Ask me how I know.
On a gorgeous spring late afternoon about a week ago, I headed out on my horse Jobber to one of our largest pastures. As is my (safety) habit, I had my phone in its well-abused case tucked into my back pocket — partially so I can call for help should I take a tumble and need some attention, and partially so I can alert farm headquarters when I inevitably find escaped livestock. “I’ll get a dorky belt clip like I had for my last phone,” I’ve stated out loud in front of many other people for the past two years since acquiring this phone. Had I actually gotten one? No.
I’m sure you see where this story is going. Jobber, with his magnificent four-hundred-foot long* canter stride, covers some serious ground, and as we loped majestically across this broad expanse of hillside, I felt/heard my phone wiggle free of my pocket and clatter down the saddle and to the ground. I glanced behind me for the briefest of seconds and then nobly reminded myself: “Live in the moment. Enjoy the canter.” (*may not be entirely accurate.)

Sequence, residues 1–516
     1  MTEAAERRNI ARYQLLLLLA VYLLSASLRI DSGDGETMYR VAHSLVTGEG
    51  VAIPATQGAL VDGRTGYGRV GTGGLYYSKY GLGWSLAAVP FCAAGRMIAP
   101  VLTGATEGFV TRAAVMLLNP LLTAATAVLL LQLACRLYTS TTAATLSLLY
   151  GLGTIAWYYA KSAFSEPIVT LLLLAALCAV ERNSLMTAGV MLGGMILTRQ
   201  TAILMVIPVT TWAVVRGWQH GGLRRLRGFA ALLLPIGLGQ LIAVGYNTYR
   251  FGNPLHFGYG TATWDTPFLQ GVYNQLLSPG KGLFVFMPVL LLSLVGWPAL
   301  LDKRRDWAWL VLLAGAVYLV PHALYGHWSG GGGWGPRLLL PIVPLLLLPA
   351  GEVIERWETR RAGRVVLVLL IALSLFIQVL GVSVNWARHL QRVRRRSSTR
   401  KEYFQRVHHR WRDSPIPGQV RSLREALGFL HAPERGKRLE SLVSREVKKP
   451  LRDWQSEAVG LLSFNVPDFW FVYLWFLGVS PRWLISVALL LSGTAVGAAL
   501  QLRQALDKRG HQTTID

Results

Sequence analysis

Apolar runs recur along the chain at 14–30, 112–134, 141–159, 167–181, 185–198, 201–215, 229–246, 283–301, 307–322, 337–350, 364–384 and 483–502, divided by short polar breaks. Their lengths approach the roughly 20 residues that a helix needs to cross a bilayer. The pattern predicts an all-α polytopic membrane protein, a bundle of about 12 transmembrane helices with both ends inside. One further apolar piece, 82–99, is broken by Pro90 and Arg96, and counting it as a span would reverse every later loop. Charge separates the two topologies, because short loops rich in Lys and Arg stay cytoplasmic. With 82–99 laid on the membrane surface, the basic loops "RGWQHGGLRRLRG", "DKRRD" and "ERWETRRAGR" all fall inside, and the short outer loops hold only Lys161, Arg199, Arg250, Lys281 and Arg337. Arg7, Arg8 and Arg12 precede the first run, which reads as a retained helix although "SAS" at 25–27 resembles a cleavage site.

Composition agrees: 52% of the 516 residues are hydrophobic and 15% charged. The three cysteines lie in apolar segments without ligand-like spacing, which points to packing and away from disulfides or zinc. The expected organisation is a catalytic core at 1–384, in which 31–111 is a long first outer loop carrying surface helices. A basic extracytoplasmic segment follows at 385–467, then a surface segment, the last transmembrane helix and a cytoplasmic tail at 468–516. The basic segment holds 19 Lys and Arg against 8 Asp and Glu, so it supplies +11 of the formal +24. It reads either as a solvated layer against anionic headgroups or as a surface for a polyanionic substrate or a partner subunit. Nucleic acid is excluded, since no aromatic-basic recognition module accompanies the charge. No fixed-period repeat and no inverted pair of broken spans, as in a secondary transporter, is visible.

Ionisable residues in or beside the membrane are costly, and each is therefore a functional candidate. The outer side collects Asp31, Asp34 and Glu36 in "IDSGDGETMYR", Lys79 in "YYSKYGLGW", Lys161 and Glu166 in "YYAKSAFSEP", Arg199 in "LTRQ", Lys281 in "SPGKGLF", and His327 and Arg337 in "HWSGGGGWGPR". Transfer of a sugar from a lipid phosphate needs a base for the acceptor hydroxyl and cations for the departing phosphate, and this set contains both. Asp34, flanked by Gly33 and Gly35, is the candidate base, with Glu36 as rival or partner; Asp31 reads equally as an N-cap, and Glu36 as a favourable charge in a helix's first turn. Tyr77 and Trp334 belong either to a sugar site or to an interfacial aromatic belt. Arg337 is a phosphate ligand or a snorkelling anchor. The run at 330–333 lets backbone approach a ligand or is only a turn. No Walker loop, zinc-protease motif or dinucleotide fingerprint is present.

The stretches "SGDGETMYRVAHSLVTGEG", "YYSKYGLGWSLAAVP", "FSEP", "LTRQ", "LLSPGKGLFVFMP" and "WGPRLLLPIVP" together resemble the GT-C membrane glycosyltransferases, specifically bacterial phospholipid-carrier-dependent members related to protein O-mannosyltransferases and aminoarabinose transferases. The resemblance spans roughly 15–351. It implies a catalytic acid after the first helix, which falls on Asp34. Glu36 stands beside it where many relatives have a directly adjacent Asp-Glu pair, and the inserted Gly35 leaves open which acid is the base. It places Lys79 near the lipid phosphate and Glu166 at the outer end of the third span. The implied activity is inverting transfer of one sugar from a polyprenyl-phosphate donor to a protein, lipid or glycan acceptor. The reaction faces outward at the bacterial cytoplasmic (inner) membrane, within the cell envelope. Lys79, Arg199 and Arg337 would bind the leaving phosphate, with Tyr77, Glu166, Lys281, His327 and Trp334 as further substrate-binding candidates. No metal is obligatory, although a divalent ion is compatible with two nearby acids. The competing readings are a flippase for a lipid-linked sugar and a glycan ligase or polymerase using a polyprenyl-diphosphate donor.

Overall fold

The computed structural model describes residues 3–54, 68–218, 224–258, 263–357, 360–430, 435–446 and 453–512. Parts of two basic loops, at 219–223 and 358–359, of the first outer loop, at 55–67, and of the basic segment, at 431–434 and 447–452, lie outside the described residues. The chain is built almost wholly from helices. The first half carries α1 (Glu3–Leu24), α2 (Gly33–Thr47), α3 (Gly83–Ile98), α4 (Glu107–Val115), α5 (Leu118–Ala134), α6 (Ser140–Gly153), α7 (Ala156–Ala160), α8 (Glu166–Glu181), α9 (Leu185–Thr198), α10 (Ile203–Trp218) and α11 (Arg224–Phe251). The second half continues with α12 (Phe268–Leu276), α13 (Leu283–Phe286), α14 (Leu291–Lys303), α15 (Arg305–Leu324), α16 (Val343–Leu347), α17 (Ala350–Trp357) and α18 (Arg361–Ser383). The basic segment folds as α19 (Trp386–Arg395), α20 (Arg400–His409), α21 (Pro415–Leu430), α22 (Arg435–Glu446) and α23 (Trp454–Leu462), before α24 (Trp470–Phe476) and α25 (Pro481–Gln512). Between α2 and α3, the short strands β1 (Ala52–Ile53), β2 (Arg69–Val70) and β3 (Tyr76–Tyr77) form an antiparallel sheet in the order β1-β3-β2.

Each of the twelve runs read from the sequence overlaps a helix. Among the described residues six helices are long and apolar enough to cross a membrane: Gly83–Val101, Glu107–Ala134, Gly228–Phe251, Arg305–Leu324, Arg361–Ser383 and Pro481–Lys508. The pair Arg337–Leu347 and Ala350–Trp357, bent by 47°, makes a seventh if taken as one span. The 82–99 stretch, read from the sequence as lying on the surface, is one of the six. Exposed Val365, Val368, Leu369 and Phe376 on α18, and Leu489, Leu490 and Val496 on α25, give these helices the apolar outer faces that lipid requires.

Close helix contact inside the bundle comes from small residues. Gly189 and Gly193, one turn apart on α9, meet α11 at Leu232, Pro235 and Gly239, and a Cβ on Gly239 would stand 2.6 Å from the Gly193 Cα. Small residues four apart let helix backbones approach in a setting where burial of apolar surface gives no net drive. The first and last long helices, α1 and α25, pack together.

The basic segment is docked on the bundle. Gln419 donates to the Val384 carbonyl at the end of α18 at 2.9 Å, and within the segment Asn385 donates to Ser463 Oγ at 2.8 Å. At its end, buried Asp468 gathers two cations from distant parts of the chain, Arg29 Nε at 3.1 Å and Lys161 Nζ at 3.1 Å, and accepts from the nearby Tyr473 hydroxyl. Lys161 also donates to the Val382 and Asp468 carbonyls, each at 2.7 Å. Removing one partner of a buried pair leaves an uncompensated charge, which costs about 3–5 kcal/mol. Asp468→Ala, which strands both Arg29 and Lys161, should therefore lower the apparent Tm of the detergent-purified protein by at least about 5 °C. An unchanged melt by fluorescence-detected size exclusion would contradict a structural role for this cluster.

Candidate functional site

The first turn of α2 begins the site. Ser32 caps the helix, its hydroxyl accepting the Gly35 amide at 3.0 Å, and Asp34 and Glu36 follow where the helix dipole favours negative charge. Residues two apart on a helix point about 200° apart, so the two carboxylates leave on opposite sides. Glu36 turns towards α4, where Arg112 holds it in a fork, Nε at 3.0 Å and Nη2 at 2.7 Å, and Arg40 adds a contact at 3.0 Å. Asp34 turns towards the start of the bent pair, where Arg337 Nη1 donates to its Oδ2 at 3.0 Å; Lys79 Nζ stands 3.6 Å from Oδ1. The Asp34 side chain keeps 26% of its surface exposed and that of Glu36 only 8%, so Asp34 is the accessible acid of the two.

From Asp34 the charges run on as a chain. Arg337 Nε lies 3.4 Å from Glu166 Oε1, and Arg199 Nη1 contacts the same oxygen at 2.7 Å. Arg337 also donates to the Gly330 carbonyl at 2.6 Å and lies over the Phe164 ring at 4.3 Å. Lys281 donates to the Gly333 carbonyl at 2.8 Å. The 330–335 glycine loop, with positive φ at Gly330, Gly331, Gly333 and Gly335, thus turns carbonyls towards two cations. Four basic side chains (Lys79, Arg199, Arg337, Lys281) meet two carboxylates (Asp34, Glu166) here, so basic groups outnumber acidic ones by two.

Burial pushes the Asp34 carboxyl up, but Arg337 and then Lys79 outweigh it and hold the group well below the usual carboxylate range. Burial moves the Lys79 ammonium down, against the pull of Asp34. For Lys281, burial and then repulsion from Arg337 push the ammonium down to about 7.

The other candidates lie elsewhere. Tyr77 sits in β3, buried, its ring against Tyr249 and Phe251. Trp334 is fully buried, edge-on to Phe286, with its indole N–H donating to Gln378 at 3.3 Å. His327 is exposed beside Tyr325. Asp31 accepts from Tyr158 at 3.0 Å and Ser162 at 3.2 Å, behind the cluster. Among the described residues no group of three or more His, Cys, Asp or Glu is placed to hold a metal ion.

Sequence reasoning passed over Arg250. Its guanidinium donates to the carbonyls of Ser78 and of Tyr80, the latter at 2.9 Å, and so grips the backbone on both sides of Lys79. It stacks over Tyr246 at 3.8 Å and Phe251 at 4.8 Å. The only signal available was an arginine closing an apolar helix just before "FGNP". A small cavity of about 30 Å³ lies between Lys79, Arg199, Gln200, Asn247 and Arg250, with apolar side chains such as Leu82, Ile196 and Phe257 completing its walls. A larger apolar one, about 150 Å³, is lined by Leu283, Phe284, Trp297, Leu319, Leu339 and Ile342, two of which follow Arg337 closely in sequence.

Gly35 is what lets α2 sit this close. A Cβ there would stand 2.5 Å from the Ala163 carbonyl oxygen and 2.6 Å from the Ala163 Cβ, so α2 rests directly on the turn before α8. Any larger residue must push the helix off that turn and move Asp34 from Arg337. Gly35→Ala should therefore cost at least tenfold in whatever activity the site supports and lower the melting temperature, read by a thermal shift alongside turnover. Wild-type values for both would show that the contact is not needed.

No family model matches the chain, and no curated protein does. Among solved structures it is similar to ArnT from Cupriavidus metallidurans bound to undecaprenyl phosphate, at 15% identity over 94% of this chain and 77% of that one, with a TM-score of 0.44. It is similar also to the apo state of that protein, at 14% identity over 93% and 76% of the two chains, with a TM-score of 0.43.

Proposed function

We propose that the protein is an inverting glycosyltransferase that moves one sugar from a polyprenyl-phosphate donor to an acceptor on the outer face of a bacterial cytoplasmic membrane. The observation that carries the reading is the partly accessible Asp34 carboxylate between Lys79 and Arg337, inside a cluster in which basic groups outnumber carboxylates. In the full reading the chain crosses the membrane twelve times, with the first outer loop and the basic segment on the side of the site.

After getting the quality of stride I had been seeking, I rewarded Jobber by transitioning down to the walk and then meandered back towards the approximate location my phone had fallen, and then in larger and more random circles as it failed to materialize. This particular pasture was a hay field, and the grass was indeed growing; my neon blue phone case did not magically make the rectangle easy to spot as I had hoped it would. Jobber got an excellent session in turning off of leg aids as I started to hack more and more aimlessly, criss-crossing our tracks all over the place, increasingly frantic.
Eventually, after putting Jobber up and enlisting the help of some family members, we did manage to find the darn thing, nestled amongst a tuft of grass, no worse for wear other than the 46 missed calls we had placed after deluding ourselves into thinking we would hear the ringtone out there in the breeze. I went home and promptly ordered myself a phone mount for my belt.